The foundation for those satisfying relationships is, of course, knowing and trusting one’s self. Getting to know ourselves (which also requires time, patience and full awareness) and trusting our lives to unfold as they should is a lifelong process, in my view. My friend Gloria once said, “Life can be quite radically trusted.” At the time, I had no idea what she meant. Now I want to rest in the lap of the universe, trust that it will hold me, and experience myself and others with crystal clarity. Although I’ve resisted it for years, the time has come for a mindfulness meditation practice.

May I learn the discipline of practice, the mindfulness to be fully present with myself and others, and the discernment to know when and whom to trust.


Flow

March 8, 2008

Life is a series of natural spontaneous changes. Don’t resist them–that only creates sorrow. Let reality be reality. Let things flow naturally forward in whatever way they like. ~Lao Tzu

Flow with whatever is happening and let your mind be free. Stay centered by accepting whatever you are doing. This is the ultimate. ~Chuang Tzu

Boy, do I need these quotations this morning! I am feeling battered by my situation, and it is so tempting to sink into bitterness or depression. I have just reread The Not So Big Life, and although I intellectually understand the concept of not “pushing the rope,” I find myself doing it over and over.

My whole orientation as a manager is to work toward positive results, so how do I let go of the results, “let things flow naturally forward in whatever way they like”? I think one reason I long for retirement is to escape this conflict in me, but I do understand that is not the right reason to retire.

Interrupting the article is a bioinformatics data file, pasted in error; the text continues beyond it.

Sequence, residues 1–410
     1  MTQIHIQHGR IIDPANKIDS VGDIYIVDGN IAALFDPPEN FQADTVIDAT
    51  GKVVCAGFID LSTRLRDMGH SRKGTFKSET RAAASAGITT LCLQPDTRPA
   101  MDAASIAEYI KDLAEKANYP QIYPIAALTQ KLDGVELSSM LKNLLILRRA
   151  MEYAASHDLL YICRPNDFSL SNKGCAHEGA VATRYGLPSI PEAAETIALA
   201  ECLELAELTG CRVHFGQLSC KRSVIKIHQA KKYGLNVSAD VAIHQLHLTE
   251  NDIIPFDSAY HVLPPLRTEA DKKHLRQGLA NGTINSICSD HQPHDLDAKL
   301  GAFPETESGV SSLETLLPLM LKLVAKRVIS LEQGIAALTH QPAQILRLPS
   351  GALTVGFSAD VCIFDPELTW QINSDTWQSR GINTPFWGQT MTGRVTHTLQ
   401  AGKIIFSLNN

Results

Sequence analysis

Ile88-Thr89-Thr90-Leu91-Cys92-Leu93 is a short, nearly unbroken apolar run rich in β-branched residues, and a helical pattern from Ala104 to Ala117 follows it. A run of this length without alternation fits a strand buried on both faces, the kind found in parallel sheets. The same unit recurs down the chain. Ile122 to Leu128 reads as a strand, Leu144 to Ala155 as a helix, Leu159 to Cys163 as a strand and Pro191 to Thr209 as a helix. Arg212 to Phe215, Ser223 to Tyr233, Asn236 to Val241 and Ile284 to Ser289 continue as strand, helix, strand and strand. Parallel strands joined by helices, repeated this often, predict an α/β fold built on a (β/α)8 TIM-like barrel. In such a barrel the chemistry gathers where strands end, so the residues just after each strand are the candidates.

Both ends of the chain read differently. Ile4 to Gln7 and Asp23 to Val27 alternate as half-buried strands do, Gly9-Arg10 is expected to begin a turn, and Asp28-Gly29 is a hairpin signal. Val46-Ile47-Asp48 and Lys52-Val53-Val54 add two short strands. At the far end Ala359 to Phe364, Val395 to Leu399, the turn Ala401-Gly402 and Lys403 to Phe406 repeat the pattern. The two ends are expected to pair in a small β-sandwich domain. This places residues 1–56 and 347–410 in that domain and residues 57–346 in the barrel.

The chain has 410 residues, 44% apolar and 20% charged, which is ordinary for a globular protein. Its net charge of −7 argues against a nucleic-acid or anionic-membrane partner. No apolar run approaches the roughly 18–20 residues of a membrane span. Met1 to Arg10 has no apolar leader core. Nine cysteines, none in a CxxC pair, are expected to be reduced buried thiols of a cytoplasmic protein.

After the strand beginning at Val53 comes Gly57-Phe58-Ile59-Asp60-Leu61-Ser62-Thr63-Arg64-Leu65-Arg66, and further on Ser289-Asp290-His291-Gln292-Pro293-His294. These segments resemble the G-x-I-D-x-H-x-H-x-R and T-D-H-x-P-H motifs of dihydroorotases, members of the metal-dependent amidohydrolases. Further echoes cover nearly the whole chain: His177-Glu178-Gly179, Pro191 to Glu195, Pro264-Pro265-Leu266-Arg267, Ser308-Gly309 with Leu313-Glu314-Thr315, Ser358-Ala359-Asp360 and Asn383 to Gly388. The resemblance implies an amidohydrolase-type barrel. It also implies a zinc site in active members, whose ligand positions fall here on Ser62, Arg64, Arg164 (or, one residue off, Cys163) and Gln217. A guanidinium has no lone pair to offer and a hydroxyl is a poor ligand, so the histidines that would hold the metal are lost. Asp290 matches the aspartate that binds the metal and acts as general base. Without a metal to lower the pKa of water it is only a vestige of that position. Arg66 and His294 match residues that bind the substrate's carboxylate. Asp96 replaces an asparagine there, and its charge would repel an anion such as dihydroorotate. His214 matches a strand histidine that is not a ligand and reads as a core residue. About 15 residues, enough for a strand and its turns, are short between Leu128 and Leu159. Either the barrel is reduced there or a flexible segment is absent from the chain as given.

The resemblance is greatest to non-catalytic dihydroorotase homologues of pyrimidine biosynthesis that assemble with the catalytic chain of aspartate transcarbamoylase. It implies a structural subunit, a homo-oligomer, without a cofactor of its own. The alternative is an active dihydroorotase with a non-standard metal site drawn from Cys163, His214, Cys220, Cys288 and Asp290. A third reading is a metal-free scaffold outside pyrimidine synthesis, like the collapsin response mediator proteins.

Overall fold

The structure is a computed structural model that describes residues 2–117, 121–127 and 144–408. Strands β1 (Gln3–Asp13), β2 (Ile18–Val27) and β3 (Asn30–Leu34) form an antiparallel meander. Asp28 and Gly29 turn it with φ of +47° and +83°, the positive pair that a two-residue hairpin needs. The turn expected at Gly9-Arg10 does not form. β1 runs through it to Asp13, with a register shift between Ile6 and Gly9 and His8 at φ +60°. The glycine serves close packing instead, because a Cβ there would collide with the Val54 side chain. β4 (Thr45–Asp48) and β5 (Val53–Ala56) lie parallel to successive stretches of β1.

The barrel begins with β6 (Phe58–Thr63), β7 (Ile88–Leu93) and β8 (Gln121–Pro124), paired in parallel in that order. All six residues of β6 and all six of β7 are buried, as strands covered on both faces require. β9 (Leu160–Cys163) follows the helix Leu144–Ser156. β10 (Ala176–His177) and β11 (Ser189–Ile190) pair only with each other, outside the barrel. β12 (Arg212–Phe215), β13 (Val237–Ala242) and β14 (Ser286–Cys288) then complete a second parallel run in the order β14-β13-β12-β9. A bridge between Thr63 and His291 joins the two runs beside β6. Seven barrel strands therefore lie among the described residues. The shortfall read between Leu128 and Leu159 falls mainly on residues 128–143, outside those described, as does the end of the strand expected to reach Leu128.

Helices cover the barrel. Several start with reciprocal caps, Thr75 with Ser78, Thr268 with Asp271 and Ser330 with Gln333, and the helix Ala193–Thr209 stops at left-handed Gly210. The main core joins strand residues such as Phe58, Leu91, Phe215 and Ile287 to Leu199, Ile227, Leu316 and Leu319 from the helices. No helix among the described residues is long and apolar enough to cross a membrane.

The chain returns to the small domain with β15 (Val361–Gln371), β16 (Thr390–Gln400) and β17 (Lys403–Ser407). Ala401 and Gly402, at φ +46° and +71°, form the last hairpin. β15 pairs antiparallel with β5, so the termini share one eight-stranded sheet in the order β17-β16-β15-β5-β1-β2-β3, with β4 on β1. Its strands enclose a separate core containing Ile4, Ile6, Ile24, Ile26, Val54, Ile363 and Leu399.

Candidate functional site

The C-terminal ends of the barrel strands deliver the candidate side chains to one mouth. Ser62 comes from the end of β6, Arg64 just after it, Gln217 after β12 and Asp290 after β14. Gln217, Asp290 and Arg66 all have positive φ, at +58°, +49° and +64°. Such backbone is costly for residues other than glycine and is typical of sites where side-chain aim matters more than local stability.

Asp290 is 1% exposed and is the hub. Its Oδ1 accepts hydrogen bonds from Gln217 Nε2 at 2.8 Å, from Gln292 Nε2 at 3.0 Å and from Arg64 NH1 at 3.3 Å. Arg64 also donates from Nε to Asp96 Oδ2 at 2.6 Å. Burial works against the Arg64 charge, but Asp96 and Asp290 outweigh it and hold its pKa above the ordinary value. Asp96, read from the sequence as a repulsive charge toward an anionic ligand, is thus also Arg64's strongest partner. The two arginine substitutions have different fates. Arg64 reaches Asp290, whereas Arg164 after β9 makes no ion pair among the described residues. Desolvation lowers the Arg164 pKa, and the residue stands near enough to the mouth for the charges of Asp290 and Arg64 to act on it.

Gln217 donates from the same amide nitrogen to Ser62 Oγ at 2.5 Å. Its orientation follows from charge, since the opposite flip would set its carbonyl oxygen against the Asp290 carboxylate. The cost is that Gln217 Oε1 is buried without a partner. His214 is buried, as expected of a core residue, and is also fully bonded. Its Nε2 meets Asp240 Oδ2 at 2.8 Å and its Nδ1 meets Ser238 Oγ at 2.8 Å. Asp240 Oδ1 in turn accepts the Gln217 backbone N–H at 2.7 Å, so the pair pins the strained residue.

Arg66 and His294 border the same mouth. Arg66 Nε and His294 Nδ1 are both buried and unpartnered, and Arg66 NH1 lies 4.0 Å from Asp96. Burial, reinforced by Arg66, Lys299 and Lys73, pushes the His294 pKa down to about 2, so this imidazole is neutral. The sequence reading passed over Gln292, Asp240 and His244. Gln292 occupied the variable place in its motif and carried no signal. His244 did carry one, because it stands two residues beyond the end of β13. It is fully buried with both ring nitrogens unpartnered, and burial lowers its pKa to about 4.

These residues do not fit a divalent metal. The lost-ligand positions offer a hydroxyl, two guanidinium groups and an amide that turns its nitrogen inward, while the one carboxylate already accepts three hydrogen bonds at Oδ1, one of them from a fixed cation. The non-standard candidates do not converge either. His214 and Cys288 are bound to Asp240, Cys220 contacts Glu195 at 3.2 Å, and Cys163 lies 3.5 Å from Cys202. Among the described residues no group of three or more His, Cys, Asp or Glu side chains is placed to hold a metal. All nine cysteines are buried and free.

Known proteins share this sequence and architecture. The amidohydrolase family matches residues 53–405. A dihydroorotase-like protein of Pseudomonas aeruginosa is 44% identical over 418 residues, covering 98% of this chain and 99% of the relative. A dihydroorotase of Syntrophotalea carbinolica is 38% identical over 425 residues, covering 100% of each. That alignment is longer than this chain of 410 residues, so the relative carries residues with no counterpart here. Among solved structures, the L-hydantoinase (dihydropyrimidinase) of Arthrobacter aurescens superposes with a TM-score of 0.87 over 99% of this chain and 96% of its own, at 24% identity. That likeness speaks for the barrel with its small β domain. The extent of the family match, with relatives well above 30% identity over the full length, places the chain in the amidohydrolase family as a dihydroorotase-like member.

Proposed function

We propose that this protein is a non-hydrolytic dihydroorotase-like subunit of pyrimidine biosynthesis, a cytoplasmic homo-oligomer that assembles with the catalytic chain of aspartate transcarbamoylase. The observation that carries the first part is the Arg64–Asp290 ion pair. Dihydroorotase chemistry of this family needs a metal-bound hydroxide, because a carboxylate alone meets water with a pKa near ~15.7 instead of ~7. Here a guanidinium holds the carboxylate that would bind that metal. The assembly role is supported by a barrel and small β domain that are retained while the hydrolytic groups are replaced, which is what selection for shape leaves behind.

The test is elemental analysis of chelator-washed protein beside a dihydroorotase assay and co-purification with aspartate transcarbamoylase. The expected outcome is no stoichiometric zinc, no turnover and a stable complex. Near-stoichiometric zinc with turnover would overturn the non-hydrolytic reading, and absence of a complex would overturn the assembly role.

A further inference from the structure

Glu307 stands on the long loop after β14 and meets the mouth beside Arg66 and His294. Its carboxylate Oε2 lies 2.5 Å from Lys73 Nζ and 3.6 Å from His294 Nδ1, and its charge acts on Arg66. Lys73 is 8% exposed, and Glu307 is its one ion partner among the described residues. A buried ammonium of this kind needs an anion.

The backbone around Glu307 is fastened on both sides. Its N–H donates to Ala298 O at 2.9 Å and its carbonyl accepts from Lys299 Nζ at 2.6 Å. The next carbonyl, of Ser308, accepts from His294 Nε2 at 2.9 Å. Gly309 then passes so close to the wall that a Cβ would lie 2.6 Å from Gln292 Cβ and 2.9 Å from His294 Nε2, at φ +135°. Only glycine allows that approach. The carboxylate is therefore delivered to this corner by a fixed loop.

May I center myself by just sitting with things today, letting my mind be free. May I learn to let go of resistance, making way for acceptance of whatever I am doing.


Walking in the World

March 3, 2008

The miracle is not to walk on water. The miracle is to walk on the green earth in the present moment. ~Thich Nhat Hanh

What?

I can find stillness,
walking?
Heel, then toes.
I count,
solve problems,
talk to myself.
I hum, anything
to avoid presence
in my heel,
then toes. Heel,
then toes, relentless
practice. Where
are we going?
No matter. Heel,
it is all the same. Toes,
I stretch apart
as though mud
would ooze through.
Heel, going nowhere
slowly,
toes, walking
to awareness.

In addition to the quote, this poem is inspired today by Mad Kane’s poetry prompt, Julia Cameron’s Walking in This World, and writings of Thich Nhat Hanh and others on walking meditation.

Now here are a limerick and a haiku for good measure!

Sunday Lament for Gasoline Prices

Pedestrian thoughts in my head,
I travel from kitchen to bed,
It’s not very far,
So I don’t need a car,
One more day I stay out of the red!

Walking in Spring

Driving by the bed
I see a blur, but walking,
Snow-drops hang their heads.


Free Time

February 24, 2008

…the Chinese pictograph for busyness is “heart killing.” ~from Sue Monk Kidd’s Firstlight

Whenever we have a little free time, most of us seek some form of amusement. We pick up a serious book, a novel, or a magazine. If we are in America, we turn on the radio or the television, or we indulge in incessant talk. There is a constant demand to be amused, to be entertained, to be taken away from ourselves….Very few of us ever walk in the fields and the woods, not talking or singing songs, but just walking quietly and observing things about us and within ourselves.  ~J. Krishnamurti

Today I celebrate space, free time. In addition to my work, which includes a lot of travel and a 3-hour commute 3 days a week, I am taking two post-Master’s classes this semester. So it is rare these days to have hours without busyness and obligations, but today I have virtually nothing I have to do. No “heart-killing” for me today.

I find that order, space, and free time are helpful in stimulating my creative impulses. So I will first tidy my office and then surround myself with the tools of creativity: paper and pencil, my favorite books, art supplies, and other familiar playthings. Even the computer is a tool for creative work if I refuse to be seduced by stumbling upon new Web sites, playing computer Scrabble or checking e-mail.

Later, I may “walk in the fields and woods…observing things.”  Or practice yoga and mindfulness meditation. How do you use free time?